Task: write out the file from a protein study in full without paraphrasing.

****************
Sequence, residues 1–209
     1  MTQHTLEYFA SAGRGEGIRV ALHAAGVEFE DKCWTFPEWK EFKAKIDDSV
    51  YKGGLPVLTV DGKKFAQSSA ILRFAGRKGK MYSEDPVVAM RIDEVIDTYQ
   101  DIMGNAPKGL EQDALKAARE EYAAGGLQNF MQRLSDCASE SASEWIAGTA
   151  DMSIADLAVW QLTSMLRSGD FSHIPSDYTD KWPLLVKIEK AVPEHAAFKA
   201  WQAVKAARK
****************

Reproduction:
Sequence, residues 1–209
     1  MTQHTLEYFA SAGRGEGIRV ALHAAGVEFE DKCWTFPEWK EFKAKIDDSV
    51  YKGGLPVLTV DGKKFAQSSA ILRFAGRKGK MYSEDPVVAM RIDEVIDTYQ
   101  DIMGNAPKGL EQDALKAARE EYAAGGLQNF MQRLSDCASE SASEWIAGTA
   151  DMSIADLAVW QLTSMLRSGD FSHIPSDYTD KWPLLVKIEK AVPEHAAFKA
   201  WQAVKAARK